Just before Christmas, the Government launched their consultation on the oversight and governance of Integrated Care Systems (ICSs) in England. The Secretary of State for Health and Social Care appointed the Rt Hon Patricia Hewitt to lead this review with a call for evidence to gather views from across the health and social care system, as well as from patients, the public, and the wider voluntary sector – the call for submissions closed today, 9 January.

ICSs were placed on a statutory footing on 1 July 2022, with the creation of:

  • integrated care boards (ICBs), which are statutory NHS bodies
  • integrated care partnerships (ICPs), which are joint committees formed by each ICB and the relevant local authorities in the ICS area.

ICSs bring together the NHS, local government, the voluntary, community and social enterprise (VCSE) sector, and other partners, with the aim to better integrate services and take a more collaborative approach to agreeing and delivering ambitions for the health and wellbeing of their local population.

The purpose of ICSs is to bring these partner organisations together to:

  • improve outcomes in population health and healthcare
  • tackle inequalities in outcomes, experience and access
  • enhance productivity and value for money
  • support broader social and economic development.

The iHV has submitted written evidence to this review which sets out the vital role that health visitors play in achieving these ambitions – as an infrastructure of support, and the ‘backbone of the early years… the safety-net around all families’ (WHO UNICEF UK, 2022).

Health visitors are highly skilled Specialist Community Public Health Nurses, ideally placed to act as local leaders in ICSs, working collaboratively with others to facilitate a place-based response to improve health and reduce inequalities. All families have a health visitor, and their frontline practitioner intelligence provides an important ‘early warning signal’ of the most pressing threats to the health of our youngest citizens who are often hidden behind front doors and invisible to other services.

However, our submission also highlights that ICSs are being developed in deeply challenging times for babies, children and their families, with increased levels of need and widening inequalities, alongside political and economic instability, and varied levels of healthcare performance. Health visiting faces a significant workforce shortage, with almost 40% fewer health visitors compared to 2015, and problems with recruitment, retention and career progression. Consequently, many families are not receiving the support that they need, and this is being intensified by a lack of capacity in other health and social care services who are also experiencing extreme pressures – with increased risk and detrimental impacts on child health and development.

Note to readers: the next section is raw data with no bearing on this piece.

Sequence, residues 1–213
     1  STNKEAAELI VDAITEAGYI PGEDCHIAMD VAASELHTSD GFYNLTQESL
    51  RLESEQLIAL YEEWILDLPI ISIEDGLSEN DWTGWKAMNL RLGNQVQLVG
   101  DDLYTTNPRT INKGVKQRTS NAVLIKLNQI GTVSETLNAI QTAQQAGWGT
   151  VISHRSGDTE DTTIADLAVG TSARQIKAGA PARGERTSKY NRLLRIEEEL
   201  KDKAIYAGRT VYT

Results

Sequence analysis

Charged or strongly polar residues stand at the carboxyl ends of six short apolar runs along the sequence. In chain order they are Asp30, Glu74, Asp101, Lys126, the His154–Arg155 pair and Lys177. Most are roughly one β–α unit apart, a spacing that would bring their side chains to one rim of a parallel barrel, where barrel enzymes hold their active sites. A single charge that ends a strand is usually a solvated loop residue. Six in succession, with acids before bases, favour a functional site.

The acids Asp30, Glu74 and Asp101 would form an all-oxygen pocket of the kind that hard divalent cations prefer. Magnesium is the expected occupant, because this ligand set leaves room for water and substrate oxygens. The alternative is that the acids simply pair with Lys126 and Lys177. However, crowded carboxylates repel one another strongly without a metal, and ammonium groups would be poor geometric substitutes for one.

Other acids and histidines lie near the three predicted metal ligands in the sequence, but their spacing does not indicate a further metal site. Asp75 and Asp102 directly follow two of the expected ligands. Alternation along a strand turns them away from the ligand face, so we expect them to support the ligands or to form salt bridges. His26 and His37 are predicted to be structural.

We want ICSs to succeed. It is not too late to change direction and pursue reforms, but the situation is serious. The current rate of health visitor workforce attrition, with no national workforce plan to plug the forecasted gaps, is not sustainable and will jeopardise the delivery of England’s child health programme. The government categorised health visiting as one of six priority services in its Start for Life Vision for the first 1001 days. However, this commitment is at risk without investment and a plan to rebuild the health visitor workforce. There is also a significant risk that the current context makes it harder for the original vision of much better-integrated care across the system to be fulfilled.

More information about the objectives and scope of the review can be found in the Hewitt review terms of reference.